“Is that a new outfit?” Holly asked.
Hawthorn smiled. “Why, yes it is. How astute of you.”
Holly smiled as her cheeks grew hot. No one had ever called her “astute” before.
“I had it shipped all the way from Sarnum.” He rubbed a hand along the fabric on his chest. “You just can’t get quality silk around here, you know?”
Holly snorted and nodded. “Oh, I know.” She really didn’t, but a little fib never hurt anyone.
“Are you going to make them stand out there all day, Holly?” Hazel said as she stood in the doorway to the kitchen.
“No.” Holly said. The day they finally have guests over to tea, and it turns out to be Hawthorn while she wore the worst dress she owned. She smoothed the garment as best she could and, stepping aside, said, “Come in.”
Hawthorn beamed and, sweeping his cape over a shoulder, strode into the cottage. “Ah, there we are.”
Hemlock rolled his eyes and followed his brother in.
“One must always make an impressionable entrance,” Hawthorn said. “Don’t you agree?”
Holly clasped her hands nodded. “Oh, yes, definitely. Yours was very nice.”
Hawthorn smiled. “I thought so. The cape helps, you see.” He unclasped it and, with a flourish, snapped it off of his shoulders.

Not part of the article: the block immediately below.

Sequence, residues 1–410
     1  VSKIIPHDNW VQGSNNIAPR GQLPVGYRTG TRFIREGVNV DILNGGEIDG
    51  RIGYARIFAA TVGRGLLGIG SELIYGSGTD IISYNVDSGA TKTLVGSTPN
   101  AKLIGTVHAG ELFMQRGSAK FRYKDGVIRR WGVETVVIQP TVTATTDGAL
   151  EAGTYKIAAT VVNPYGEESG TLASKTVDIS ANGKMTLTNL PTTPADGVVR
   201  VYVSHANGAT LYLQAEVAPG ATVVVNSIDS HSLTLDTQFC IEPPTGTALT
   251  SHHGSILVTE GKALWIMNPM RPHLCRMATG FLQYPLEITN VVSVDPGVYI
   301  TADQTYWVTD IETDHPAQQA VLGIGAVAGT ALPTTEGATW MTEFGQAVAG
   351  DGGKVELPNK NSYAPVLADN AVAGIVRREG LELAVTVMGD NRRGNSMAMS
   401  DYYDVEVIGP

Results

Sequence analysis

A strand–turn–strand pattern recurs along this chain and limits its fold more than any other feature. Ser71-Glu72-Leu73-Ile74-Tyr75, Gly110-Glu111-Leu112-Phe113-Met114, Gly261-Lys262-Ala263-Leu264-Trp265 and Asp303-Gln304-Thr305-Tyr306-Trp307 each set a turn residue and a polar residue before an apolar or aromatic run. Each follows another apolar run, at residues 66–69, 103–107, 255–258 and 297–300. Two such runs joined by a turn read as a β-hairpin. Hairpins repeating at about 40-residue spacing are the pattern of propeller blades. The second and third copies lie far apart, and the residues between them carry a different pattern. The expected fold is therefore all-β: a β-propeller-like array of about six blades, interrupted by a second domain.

Holly squeaked and clapped. Then she reached out. “I can take that for you, if you’d like.”
“Yes, thank you.”
Holly took the cape, suppressing a sigh as she ran her hands over the silk. It felt so smooth. She bet it even smelled like him. She resisted the urge to sniff it and scuttled away to her room where she put the cape on her bed.
Then there was another knock at the door.
Holly stepped out of her room and frowned towards the entrance.
“More guests?” Hawthorn said, smiling. “How splendid.” He turned to Hemlock. “See? I told you I wouldn’t be overdressed.”
“You’re always overdressed,” Hemlock said.
“So say the small-minded.”
“You would know.”
“Holly!” Hazel shouted from the kitchen.
“I know!” she yelled back. “Who else is coming?”
Holly frowned some more. She didn’t like surprises, not when they came from Hazel. Hazel always thought she was being so funny, but whatever it was usually turned out to be mostly scary. Like that one time when Hazel had put nettles in Holly’s night cream. Her face had gotten all puffy and itched for a week. Holly wondered if this surprise would also cause her to wrap her face in bandages like some kind of sick-room runaway.
She yanked open the door. “Rose! Uh… hello.”
Rose smiled, showing perfect white teeth that rivaled Hawthorn’s. “Hello, Holly.”
Holly stared at her a while. “You’re here for tea?”
Rose laughed–a deep, throaty sound that made Holly feel frumpy and dull. “Of course. Why else would I be here?”
“Not for a nosebleed, I suppose,” Holly muttered.
“Nothing.” Holly forced a smile and stood aside. “Please, come in.”